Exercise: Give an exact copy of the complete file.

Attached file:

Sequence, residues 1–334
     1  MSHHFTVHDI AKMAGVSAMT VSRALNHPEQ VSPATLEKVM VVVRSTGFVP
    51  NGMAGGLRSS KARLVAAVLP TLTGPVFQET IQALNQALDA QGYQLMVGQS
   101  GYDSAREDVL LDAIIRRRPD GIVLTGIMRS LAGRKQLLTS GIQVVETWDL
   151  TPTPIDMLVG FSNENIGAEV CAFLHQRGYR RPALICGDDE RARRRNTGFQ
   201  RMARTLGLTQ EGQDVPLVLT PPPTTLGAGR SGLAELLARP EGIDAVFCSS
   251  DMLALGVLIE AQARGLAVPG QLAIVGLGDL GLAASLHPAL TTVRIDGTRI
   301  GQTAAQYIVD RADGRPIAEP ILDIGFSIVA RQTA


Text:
Sequence, residues 1–334
     1  MSHHFTVHDI AKMAGVSAMT VSRALNHPEQ VSPATLEKVM VVVRSTGFVP
    51  NGMAGGLRSS KARLVAAVLP TLTGPVFQET IQALNQALDA QGYQLMVGQS
   101  GYDSAREDVL LDAIIRRRPD GIVLTGIMRS LAGRKQLLTS GIQVVETWDL
   151  TPTPIDMLVG FSNENIGAEV CAFLHQRGYR RPALICGDDE RARRRNTGFQ
   201  RMARTLGLTQ EGQDVPLVLT PPPTTLGAGR SGLAELLARP EGIDAVFCSS
   251  DMLALGVLIE AQARGLAVPG QLAIVGLGDL GLAASLHPAL TTVRIDGTRI
   301  GQTAAQYIVD RADGRPIAEP ILDIGFSIVA RQTA